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What does my download speed vary so much from server to server?

Last response: in Networking
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July 18, 2012 2:22:59 PM

Hello,
I just had installed cable modem with Charter, on a 30Mbps speed plan. Charter provided a new Arris Docsis 3.0 modem (combined for internet and telephone - MTA), and I have a Linksys Valet M20 wireless router (10/100, I believe) and a Linsys 5 port (unmanaged, 10/100) switch (with CAT6 cable) to connect to computers and HDTV in other rooms. When I check Download speeds on speedtest.net, my results will vary from 27-29 Mbps, wiith ping at 23-25 ms (actually hit 40 one time) to 12.5-13, with ping typicaly 42-46ms. Multiple tests were run over about 3 hours in the eveniing. The only difference I see is the server I connect to for the speedtest - I am in Suffolk, VA, and when I connect to the Reston, Va servers, I consistently hit the high DL speeds on all my computers (wireless and ethernet) around the house, whether I have 1 or all computers on line at the same time. {Results were the same whether on Firefox or IE and whether XP or Win7 professional.} But when the server is Richmond (Comcast), which is much closer, or Wash DC (same distance as Reston), I consistently hit 12-13 Mbps. Upload speeds are consistently between 3.0-3.19 for all tests. My question: Is it just the server that dictates the speed I am showing or could there be a bottleneck in my home equipment, or perhaps a difference in how my equipment connects to different servers? If home equipment is the likely bottleneck, please suggest some alternative software, tweaking and/or equipment changes.
Thanks
July 18, 2012 2:32:26 PM

The server matters in several respects. First, you never know the loading of any server at any given time (there might be many other users using the same server, while the other is nearly idle). Secondly, you can never be assured the routing used to any server. That can change over time as well. The only reason it's generally recommended that you use a server that's physically closer is the assumption that it will require less routing (hops). But that's only a generalization. It's not necessarily true, or true all the time. The beauty of the internet is its flexibility to route/reroute as necessary. But that comes at the price of predictability when using it.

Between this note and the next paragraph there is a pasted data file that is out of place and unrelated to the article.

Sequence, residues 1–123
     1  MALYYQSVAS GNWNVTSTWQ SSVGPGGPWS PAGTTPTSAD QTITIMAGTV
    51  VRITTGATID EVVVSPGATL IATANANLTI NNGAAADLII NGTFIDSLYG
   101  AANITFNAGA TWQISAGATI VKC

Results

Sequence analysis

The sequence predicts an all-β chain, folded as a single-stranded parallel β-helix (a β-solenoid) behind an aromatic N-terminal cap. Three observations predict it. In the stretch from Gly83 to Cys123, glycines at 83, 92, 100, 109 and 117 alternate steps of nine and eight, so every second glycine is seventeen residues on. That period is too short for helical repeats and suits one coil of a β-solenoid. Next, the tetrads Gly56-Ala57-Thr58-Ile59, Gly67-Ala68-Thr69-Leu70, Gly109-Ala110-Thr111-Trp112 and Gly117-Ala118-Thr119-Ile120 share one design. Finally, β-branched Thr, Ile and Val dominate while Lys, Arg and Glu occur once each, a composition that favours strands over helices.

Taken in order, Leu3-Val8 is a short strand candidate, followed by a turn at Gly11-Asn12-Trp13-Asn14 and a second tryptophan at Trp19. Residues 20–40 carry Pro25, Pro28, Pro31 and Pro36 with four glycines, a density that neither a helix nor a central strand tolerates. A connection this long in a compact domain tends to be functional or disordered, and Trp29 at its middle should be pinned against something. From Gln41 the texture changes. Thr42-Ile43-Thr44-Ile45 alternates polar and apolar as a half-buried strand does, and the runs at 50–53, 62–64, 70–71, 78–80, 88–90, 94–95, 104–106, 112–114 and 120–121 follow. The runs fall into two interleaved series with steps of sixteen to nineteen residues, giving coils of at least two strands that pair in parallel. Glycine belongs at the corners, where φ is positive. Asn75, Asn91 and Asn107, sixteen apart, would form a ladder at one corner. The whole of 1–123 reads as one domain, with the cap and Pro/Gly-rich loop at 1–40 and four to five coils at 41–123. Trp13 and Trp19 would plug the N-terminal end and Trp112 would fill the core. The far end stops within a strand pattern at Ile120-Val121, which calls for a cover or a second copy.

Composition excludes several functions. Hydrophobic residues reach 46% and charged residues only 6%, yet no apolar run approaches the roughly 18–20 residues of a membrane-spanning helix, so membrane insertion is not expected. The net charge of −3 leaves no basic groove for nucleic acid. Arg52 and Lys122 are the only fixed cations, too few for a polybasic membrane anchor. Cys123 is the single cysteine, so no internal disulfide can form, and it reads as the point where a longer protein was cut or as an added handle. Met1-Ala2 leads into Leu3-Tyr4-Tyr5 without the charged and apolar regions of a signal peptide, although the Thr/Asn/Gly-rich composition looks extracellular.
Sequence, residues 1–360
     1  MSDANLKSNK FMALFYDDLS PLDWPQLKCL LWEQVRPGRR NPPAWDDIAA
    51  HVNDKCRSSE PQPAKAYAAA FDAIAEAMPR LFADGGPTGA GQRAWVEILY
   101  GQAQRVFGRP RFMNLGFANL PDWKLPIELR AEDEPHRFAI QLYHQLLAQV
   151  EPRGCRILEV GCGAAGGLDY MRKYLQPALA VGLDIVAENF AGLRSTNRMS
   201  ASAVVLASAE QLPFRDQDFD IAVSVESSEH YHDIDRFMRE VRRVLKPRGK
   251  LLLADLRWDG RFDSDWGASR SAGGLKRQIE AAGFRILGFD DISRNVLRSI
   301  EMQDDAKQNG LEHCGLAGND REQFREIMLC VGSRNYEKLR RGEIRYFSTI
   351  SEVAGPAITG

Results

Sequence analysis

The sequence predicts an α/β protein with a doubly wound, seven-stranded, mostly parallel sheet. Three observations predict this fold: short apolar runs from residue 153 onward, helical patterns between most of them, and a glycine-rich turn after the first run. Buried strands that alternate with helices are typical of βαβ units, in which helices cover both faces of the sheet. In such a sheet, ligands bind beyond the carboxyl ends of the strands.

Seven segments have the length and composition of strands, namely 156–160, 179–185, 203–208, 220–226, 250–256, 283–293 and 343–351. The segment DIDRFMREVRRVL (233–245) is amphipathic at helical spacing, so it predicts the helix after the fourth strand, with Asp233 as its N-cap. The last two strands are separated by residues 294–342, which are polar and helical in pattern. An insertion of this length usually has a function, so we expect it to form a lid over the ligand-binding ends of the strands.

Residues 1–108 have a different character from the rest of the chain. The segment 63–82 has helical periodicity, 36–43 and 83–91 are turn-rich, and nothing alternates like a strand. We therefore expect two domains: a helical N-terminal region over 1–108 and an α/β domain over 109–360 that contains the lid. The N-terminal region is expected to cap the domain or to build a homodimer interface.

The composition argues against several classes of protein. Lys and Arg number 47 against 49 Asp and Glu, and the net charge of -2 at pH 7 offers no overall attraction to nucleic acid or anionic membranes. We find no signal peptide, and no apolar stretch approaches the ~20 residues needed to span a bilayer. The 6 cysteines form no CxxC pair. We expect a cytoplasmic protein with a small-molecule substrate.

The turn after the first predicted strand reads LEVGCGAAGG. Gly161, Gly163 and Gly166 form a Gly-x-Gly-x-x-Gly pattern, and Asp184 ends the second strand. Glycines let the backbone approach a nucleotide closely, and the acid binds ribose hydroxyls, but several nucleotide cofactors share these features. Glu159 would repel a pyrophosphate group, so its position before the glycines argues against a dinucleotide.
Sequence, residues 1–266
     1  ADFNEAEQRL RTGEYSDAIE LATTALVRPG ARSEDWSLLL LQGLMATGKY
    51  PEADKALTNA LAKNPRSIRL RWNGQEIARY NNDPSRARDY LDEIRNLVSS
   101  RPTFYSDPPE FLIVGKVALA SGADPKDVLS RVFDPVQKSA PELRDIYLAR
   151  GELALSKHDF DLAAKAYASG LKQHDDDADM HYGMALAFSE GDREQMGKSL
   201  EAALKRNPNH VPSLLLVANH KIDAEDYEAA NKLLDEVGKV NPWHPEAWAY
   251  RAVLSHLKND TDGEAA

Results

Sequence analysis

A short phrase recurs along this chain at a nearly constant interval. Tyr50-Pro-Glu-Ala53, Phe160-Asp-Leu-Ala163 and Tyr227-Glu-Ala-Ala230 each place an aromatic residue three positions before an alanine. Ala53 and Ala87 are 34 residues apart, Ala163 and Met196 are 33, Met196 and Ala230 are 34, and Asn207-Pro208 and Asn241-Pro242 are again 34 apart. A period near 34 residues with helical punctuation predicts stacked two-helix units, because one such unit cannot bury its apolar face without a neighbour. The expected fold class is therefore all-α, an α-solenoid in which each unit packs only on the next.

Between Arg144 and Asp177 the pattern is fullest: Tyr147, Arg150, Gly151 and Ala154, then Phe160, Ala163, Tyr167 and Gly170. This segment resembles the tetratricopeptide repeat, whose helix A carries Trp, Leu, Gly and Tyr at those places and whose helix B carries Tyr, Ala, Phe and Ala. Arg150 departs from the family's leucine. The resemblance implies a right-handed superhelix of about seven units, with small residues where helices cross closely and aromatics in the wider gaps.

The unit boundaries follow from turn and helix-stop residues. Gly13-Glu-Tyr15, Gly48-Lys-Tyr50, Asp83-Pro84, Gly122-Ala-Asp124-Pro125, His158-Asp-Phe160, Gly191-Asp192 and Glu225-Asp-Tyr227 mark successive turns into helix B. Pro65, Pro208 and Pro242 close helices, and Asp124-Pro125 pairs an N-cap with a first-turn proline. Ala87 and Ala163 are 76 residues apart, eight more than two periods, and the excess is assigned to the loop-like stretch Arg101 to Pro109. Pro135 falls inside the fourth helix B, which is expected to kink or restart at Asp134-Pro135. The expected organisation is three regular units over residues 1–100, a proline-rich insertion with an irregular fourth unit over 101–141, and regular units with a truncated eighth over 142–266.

That's why it's so hard to assess your home network's performance by using only the internet. The internet is far less predictable, w/ too many variables and circumstances beyond your control. You can only assess your home network's performance LOCALLY (machine to machine), convince yourself that it’s sound, then see how it performs under varying internet conditions.
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July 19, 2012 2:53:47 AM

Eibgrad
Thanks for this reply - that makes sense not to depend on the internet to assess my equipment. I guess my real need is to determine what I need to do to be consistently interfacing with the internet at my maximum speed on my end - knowing that I cannot choose the server I connect to. It is important because sometimes the speed is quite slow and interferes with tele-commuting work from home. (Was much worse with Verizon as the max DL speed available was 3Mbps). So the next questions would be: 1) how do I assess my LOCAL network performance - what should I be looking for, and 2) is it possible that my wireless router can affect what speeds I am connecting to the internet at, that is, would a newer gigabit router impact my interface with the internet differently than the current one I am using and allow for faster speeds? Or, is the router not even a factor, and the connection/DL speed is simply a function of the server and it's loading. If these questions are already commonly answered in another thread, I am happy to be referred to those links. Again thanks for your early response to my questions. [ Note - I was not sure my question had posted earlier today, and I ended up posting it again tonight- the second post can be deleted by whomever controls this site.]
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